Gingrich Contract Price Jumps 22,000 Percent in Six Weeks on Iowa Electronic Markets
Newt Gingrich is now the Republican candidate most likely to finish in the top two in next year's Iowa caucus, as the price of his contract on the Iowa Electronic Markets' Iowa Caucus market has jumped more than 22,000 percent in six weeks.
Gingrich's contract was trading for 69.1 cents on the Iowa Electronic Market's Iowa Caucus market Tuesday morning, which means the market believes he has a 69.1 percent probability of finishing in the top two in January's GOP caucus. His contract had been selling for as little as .3 cents—less than a penny—as recently as Oct. 13.
Meanwhile, the price of Mitt Romney's contract has fallen 31 percent in the past two weeks and was trading at 60.5 cents Tuesday morning, which means the market believes he has a 60.5 percent probability of being among the top two in the caucus. Romney's contract had been selling for as high as 87.4 cents as recently as Nov. 13.
The price of Gingrich's contract jumped 13 cents between Monday morning and Tuesday morning, while Romney's contract fell by 8 cents in the same time period.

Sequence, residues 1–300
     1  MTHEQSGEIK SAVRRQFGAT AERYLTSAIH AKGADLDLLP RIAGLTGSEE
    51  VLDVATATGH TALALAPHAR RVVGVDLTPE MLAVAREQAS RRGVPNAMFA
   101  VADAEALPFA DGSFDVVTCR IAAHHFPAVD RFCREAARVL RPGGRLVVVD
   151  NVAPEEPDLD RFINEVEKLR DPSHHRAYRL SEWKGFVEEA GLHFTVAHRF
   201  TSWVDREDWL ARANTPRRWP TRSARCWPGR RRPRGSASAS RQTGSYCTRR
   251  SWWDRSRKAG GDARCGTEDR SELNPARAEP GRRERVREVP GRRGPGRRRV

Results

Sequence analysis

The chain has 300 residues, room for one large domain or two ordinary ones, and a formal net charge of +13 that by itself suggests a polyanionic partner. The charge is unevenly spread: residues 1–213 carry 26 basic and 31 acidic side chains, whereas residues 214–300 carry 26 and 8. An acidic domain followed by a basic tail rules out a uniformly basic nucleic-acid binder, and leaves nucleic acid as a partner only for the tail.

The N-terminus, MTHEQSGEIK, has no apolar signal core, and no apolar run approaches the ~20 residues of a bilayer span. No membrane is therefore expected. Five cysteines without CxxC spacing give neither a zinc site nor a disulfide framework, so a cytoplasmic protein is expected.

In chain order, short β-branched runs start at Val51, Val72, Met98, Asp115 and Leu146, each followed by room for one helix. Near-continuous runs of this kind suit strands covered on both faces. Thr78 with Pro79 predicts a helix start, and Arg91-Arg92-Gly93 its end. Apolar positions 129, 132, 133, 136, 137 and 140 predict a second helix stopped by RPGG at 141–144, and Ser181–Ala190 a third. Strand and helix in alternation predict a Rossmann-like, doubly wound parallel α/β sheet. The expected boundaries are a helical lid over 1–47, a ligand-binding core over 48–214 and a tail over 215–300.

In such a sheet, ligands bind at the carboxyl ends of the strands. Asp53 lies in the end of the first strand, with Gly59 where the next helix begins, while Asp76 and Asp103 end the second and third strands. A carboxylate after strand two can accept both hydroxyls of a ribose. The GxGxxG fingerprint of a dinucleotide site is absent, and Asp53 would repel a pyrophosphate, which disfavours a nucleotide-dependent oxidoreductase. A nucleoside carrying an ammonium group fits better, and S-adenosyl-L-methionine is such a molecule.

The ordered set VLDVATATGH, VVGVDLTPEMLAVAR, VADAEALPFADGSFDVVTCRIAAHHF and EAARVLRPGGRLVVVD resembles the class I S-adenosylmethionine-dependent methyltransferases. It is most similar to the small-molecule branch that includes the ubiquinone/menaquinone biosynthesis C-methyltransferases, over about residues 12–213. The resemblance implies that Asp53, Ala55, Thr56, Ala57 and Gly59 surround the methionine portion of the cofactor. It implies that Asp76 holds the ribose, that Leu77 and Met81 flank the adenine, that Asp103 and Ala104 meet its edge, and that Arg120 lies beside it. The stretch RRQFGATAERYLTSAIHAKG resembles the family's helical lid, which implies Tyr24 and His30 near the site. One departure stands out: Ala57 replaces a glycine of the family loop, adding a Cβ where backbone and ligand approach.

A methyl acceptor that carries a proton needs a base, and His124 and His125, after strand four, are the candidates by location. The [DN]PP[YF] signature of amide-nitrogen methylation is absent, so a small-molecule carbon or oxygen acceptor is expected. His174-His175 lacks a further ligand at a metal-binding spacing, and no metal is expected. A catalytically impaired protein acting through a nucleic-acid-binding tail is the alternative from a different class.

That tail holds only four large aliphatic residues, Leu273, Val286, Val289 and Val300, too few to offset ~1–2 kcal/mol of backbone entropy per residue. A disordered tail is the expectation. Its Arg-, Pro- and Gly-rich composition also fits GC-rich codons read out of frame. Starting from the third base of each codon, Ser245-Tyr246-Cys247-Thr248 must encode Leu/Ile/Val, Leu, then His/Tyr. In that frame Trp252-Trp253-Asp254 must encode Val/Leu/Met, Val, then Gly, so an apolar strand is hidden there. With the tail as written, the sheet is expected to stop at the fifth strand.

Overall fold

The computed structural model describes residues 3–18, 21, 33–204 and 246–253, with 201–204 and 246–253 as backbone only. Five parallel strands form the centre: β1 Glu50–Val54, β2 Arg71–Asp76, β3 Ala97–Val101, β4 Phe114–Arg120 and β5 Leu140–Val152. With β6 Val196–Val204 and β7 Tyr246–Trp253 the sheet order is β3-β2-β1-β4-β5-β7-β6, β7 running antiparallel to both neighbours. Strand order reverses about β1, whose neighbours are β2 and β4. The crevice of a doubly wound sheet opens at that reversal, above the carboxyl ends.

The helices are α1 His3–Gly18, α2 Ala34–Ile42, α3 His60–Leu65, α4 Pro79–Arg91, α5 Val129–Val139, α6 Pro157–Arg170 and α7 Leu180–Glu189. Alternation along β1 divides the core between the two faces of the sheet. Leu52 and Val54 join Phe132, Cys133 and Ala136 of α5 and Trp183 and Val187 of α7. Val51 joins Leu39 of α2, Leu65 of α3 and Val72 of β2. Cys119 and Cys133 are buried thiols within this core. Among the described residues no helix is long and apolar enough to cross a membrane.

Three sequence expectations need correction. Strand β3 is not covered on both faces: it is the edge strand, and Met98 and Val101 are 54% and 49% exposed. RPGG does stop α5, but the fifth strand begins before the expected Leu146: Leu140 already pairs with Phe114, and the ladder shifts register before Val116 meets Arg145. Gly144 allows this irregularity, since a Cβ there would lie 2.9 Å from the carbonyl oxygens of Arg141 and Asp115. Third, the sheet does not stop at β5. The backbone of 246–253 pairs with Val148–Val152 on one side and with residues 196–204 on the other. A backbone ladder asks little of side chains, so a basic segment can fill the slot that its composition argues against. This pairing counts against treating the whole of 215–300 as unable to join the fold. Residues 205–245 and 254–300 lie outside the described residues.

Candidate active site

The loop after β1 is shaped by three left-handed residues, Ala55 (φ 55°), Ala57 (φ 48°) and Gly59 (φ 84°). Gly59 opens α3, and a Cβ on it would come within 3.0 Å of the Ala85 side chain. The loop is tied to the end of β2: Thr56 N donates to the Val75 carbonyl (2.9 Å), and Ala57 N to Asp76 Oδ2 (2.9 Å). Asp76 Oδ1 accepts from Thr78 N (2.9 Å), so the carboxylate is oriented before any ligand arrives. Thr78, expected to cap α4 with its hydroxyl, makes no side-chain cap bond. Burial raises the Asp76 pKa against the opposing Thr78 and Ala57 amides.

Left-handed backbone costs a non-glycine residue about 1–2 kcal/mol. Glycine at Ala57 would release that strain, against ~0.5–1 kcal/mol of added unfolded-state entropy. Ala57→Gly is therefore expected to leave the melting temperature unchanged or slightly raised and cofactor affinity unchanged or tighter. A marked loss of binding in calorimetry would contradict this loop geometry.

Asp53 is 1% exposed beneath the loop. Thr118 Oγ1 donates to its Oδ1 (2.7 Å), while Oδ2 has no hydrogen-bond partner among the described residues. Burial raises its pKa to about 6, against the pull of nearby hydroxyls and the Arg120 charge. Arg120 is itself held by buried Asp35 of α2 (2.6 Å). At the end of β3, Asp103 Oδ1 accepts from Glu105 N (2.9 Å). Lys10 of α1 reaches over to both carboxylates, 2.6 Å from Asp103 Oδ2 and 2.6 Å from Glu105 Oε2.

A real money futures market operated by the University of Iowa's Tippie College of Business, the IEM gives traders the opportunity to buy and sell contracts based on what they think the outcome of a future event will be. Contracts for the correct outcome pay off at $1, all other contracts pay off at zero. As a result, the price of the contract at any given time is the probability that the traders believe that event will happen. Traders can invest up to $500 in the market.
Other contract prices on the IEM's Iowa Caucus Market Tuesday morning were Ron Paul at 42 cents, Rick Perry at 8.5 cents and Michele Bachmann at 2.1 cents. Herman Cain's contract was trading at 10.1 cents, largely unchanged by Monday's accusations that he had engaged in an extramarital affair.
The Rest of Field contract—which includes any candidate for whom there is no individual contract—was selling at 2.8 cents Tuesday morning.
Contact: Tom Snee, UI News Services, 319-384-0010